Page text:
“Close your eyes,” said our guide Sully Chaffre, as we drove deeper into Reunion National Park. “Don’t open them until I say,” he insisted. It was a difficult instruction to obey. Since entering the park – which covers 40% or just over 100 000 hectares of Reunion Island – we had been wowed by the contrasts and biodiversity of this UNESCO World Heritage Site. Alpine-green landscapes scattered with cows and swept with low-lying clouds conjured from the pages of Heidi were on the one side of the road, while raptors soared over rugged, forested gorges on the other side.
“Open them!” he finally exclaimed as we rounded a corner to overlook another otherworldly, rocky landscape. “It looks like something out of a science fiction film set, doesn’t it?” Indeed, this tableau of land against the sky seemed surreal, like a scene from The Martian. It was desolate until, seemingly on cue, cars zigzagged down the slope and across the unearthly landscape to produce a fine waft of dust – like the first signs of an atmosphere. The cars silently, slowly made their way towards the fold in the horizon, across a strange terrain that has been moulded by lava flow over millions of years.
According to Philippe Kowalski, deputy director of the Volcanological Observatory of Piton de la Fournaise, Reunion owes its existence to tumultuous volcanic activity. “At first, there was nothing but the lava flow beneath the Earth’s crust. Numerous eruptions around the Reunion hotspot occurred and it began to grow, until eventually an island appeared.”
That all happened some 2 million years ago, just above the Tropic of Capricorn and around 800 kilometres east of Madagascar. Reunion is part of the Mascarene Archipelago which also includes the islands of Mauritius and Rodrigues, and is a French department. “Reunion only accounts for around 10% of the underwater volcano, though it grows bigger with each eruption,” Kowalski told me.
Found in the centre of Reunion, Piton des Neiges, which means “snow peak”, has been inactive for around 20 000 years, but Piton de la Fournaise, on the southeastern part of the island, is one of the world’s most active volcanoes. The closer we got to the latter’s eight-kilometre-wide caldera, the more evident it became why volcano tourism and related activities are the biggest draw for visitors to the island which – let’s face it – is a pretty obscure outpost of the EU. Thanks to the volcanic activity, though, it gets slightly shy of a million visits each year.
After a 20-minute walk down the steep basalt cliffs, I was standing in the embrace of the 530 000-year-old wonder surrounded by craters and spatter cones, and among potholed volcanic rocks and stones of different sizes. I watched hikers make for its 2 632-metre summit, aptly called “furnace peak”. Some of them would undoubtedly camp at its rim that night, while the volcano slumbered.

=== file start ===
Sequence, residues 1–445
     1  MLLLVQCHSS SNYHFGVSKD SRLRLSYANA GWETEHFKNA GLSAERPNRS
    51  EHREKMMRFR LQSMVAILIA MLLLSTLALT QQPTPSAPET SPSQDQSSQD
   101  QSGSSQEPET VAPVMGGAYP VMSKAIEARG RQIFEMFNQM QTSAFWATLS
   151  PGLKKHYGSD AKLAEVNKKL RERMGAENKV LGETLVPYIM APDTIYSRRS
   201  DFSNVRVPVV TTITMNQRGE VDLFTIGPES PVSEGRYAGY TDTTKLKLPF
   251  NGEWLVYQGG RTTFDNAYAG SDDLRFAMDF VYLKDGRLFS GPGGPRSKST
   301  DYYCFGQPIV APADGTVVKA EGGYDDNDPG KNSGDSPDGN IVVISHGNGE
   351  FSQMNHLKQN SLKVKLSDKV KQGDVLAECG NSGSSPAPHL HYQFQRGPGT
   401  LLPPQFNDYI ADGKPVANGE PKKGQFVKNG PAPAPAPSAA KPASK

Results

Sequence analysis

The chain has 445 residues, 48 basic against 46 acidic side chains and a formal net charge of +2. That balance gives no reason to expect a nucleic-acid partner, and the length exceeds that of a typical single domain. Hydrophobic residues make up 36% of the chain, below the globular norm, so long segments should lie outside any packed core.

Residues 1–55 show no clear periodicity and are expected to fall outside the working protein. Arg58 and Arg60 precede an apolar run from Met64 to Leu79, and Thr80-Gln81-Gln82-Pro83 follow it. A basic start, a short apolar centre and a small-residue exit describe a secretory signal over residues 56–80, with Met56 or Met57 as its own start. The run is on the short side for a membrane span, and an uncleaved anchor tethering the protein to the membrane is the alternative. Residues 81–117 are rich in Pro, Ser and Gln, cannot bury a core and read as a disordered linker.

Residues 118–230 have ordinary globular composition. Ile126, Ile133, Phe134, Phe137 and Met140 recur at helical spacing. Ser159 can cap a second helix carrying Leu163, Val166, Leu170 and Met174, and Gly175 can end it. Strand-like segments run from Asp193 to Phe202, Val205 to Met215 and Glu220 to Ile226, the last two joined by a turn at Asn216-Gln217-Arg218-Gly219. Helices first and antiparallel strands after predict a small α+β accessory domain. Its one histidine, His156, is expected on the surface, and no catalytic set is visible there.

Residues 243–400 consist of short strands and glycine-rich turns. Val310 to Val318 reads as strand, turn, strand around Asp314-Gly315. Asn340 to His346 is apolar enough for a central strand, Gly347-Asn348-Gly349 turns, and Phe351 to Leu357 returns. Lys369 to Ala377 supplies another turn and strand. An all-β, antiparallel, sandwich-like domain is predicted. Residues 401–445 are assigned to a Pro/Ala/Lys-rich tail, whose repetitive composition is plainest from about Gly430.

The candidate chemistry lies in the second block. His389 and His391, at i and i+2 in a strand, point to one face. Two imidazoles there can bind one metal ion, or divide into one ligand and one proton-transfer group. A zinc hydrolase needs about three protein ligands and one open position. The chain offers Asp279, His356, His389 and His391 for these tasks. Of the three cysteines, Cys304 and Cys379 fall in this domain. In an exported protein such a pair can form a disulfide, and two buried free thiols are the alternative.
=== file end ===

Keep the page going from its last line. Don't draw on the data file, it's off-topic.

When it next reawakens, volcano vacationers – possibly the geological equivalent of thrill-seeking hurricane hunters – will fly in from around the world to witness its eruptions. For these niche travellers, Reunion is on the hot list because of its regular volcanic activity. Piton de la Fournaise has erupted over 180 times since her eruptions were first recorded in 1640. “We have recorded an average of three eruptions each year over the last decade, and the average eruption lasts three weeks,” explained Kowalski. Reunion’s national carrier, Air Austral, offers flight specials ahead of and during eruptions. Kowalski explained how this basaltic shield volcano produces spectacular lava fountains and large expanses of bubbling lava rather than explosive eruptions with clouds of ash. This is because the magma in the Earth’s crust is very liquid here, making it easy for the magma to reach the surface.
These geological pyrotechnics and bubbling cauldrons can be safely viewed from a close distance, overseen by park officials, and from above. Volcano tourism is part of an industry that is carefully monitored and regulated, of course – nobody’s permitted to blithely walk into an active volcano, and any explorations should obviously only be undertaken with recognised guides.
Having stared in awe from the ground, we then took to the sky for a 45-minute helicopter flight along the coast, over both volcano craters, across the verdant expanse of the protected national park with its matchbox communities, as well as the toothpick-like waterfalls that disappear into the tropical forest. Seeing the volcano from a bird’s-eye view allowed me to get a real sense of its most recent timeline – the darker the lava flow, the more recent the eruption.
Hardened adventurers can also explore the volcano from yet another perspective, by going deep into the Earth’s hot underbelly and navigating the network of lava tunnels, at times on their hands and knees. Fear not: helmets, headlamps, knee and elbow guards are provided for these insane-sounding tours.
Or you can take a running jump off the slopes of Saint-Paul, at Bellmène, to tandem paraglide on the thermals over forests, sugarcane fields, a botanical garden, and the coastline where lava flow has been solidified by the ocean water. The yachts, motorboats and kitesurfers were barely distinguishable until we floated closer to Earth before touching down on the beach, where island life was in full force – from water sports and sunbathing to swimming in some of the world’s most shark-infested waters, under the watchful gaze of lifeguards and only in designated areas with shark nets, of course.
Reunion Island can be any kind of island you want it to be. It is also unlike any other kind of island.